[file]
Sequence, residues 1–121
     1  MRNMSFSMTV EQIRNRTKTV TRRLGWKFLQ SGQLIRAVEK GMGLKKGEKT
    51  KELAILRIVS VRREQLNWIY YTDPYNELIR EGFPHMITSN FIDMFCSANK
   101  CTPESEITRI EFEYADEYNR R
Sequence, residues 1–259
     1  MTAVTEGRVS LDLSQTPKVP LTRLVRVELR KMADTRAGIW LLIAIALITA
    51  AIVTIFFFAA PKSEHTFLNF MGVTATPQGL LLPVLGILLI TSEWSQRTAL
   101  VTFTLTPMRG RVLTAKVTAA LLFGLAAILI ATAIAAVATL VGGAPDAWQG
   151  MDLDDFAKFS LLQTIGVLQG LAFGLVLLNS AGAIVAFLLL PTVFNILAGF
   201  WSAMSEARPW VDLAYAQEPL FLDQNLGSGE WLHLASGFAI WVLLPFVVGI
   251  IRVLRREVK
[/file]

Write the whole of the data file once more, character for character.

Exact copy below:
Sequence, residues 1–121
     1  MRNMSFSMTV EQIRNRTKTV TRRLGWKFLQ SGQLIRAVEK GMGLKKGEKT
    51  KELAILRIVS VRREQLNWIY YTDPYNELIR EGFPHMITSN FIDMFCSANK
   101  CTPESEITRI EFEYADEYNR R
Sequence, residues 1–259
     1  MTAVTEGRVS LDLSQTPKVP LTRLVRVELR KMADTRAGIW LLIAIALITA
    51  AIVTIFFFAA PKSEHTFLNF MGVTATPQGL LLPVLGILLI TSEWSQRTAL
   101  VTFTLTPMRG RVLTAKVTAA LLFGLAAILI ATAIAAVATL VGGAPDAWQG
   151  MDLDDFAKFS LLQTIGVLQG LAFGLVLLNS AGAIVAFLLL PTVFNILAGF
   201  WSAMSEARPW VDLAYAQEPL FLDQNLGSGE WLHLASGFAI WVLLPFVVGI
   251  IRVLRREVK